'Topological' graphene nanoribbons trap electrons for new quantum materials
Scientists are experimenting with narrow strips of graphene, called nanoribbons, in hopes of making cool new electronic devices, but University of California, Berkeley scientists have discovered another possible role for them: as nanoscale electron traps with potential applications in quantum computers.
This is a scanning tunneling microscope image of a topological nanoribbon superlattice. Electrons are trapped at the interfaces between wide ribbon segments (which are topologically non-trivial) and narrow ribbon segments (which are topologically trivial). The wide segments are 9 carbon atoms across (1.65 nanometers) while the narrow segments are only 7 carbon atoms across (1.40 nanometers).
Credit: Michael Crommie, Felix Fischer, UC Berkeley
Graphene, a sheet of carbon atoms arranged in a rigid, honeycomb lattice resembling chicken wire, has interesting electronic properties of its own. But when scientists cut off a strip less than about 5 nanometers in width - less than one ten-thousandth the width of a human hair - the graphene nanoribbon takes on new quantum properties, making it a potential alternative to silicon semiconductors.
UC Berkeley theoretician Steven Louie, a professor of physics, predicted last year that joining two different types of nanoribbons could yield a unique material, one that immobilizes single electrons at the junction between ribbon segments.
In order to accomplish this, however, the electron "topology" of the two nanoribbon pieces must be different. Topology here refers to the shape that propagating electron states adopt as they move quantum mechanically through a nanoribbon, a subtle property that had been ignored in graphene nanoribbons until Louie's prediction.
Two of Louie's colleagues, chemist Felix Fischer and physicist Michael Crommie, became excited by his idea and the potential applications of trapping electrons in nanoribbons and teamed up to test the prediction. Together they were able to experimentally demonstrate that junctions of nanoribbons having the proper topology are occupied by individual localized electrons.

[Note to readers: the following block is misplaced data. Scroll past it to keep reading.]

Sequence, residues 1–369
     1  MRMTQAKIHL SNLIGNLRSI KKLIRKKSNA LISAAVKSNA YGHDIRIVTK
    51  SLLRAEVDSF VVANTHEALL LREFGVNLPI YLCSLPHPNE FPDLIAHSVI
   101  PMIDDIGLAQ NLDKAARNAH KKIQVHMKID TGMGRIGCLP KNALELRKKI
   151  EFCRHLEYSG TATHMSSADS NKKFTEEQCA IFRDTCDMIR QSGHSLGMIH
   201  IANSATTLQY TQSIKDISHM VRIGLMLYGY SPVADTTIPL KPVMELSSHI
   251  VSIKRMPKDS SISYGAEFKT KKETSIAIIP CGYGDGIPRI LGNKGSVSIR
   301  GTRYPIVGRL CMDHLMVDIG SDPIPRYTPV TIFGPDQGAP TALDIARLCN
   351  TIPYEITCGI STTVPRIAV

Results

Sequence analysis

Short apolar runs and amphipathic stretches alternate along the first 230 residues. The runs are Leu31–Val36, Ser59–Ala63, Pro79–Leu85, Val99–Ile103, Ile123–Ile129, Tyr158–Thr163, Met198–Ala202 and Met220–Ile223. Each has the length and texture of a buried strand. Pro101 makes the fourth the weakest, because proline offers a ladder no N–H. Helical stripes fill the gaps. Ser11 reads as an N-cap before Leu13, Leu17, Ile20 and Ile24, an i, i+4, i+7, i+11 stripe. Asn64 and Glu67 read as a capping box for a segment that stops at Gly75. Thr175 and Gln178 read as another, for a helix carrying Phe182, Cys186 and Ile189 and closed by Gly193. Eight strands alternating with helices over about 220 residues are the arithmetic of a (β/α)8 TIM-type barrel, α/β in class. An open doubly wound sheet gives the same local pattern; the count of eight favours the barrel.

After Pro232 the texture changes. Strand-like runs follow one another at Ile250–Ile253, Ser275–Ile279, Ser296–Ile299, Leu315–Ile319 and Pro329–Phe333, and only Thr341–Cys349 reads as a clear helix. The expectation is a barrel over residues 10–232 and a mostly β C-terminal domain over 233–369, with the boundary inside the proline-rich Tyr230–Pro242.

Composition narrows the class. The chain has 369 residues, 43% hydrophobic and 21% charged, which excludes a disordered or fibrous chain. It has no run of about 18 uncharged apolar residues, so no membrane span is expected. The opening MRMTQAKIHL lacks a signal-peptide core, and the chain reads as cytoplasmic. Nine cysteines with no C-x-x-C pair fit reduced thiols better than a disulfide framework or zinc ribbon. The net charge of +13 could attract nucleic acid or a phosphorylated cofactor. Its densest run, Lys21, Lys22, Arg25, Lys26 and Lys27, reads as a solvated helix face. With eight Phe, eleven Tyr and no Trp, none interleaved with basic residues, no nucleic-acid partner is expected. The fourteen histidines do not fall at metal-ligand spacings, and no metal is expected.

A nanoribbon made according to Louie's recipe with alternating ribbon strips of different widths, forming a nanoribbon superlattice, produces a conga line of electrons that interact quantum mechanically. Depending on the strips' distance apart, the new hybrid nanoribbon is either a metal, a semiconductor or a chain of qubits, the basic elements of a quantum computer.
"This gives us a new way to control the electronic and magnetic properties of graphene nanoribbons," said Crommie, a UC Berkeley professor of physics. "We spent years changing the properties of nanoribbons using more conventional methods, but playing with their topology gives us a powerful new way to modify the fundamental properties of nanoribbons that we never suspected existed until now."
Louie's theory implies that nanoribbons are topological insulators: unusual materials that are insulators, that is, non-conducting in the interior, but metallic conductors along their surface. The 2016 Nobel Prize in Physics was awarded to three scientists who first used the mathematical principles of topology to explain strange, quantum states of matter, now classified as topological materials.
Three-dimensional topological insulators conduct electricity along their sides, sheets of 2D topological insulators conduct electricity along their edges, and these new 1D nanoribbon topological insulators have the equivalent of zero-dimensional (0D) metals at their edges, with the caveat that a single 0D electron at a ribbon junction is confined in all directions and can't move anywhere. If another electron is similarly trapped nearby, however, the two can tunnel along the nanoribbon and meet up via the rules of quantum mechanics. And the spins of adjacent electrons, if spaced just right, should become entangled so that tweaking one affects the others, a feature that is essential for a quantum computer.